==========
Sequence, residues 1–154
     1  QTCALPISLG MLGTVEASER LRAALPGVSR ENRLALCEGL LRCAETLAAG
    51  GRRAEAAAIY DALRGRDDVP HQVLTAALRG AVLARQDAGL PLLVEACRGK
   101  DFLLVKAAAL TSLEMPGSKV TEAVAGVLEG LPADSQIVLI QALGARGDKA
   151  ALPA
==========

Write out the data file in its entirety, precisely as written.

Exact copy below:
Sequence, residues 1–154
     1  QTCALPISLG MLGTVEASER LRAALPGVSR ENRLALCEGL LRCAETLAAG
    51  GRRAEAAAIY DALRGRDDVP HQVLTAALRG AVLARQDAGL PLLVEACRGK
   101  DFLLVKAAAL TSLEMPGSKV TEAVAGVLEG LPADSQIVLI QALGARGDKA
   151  ALPA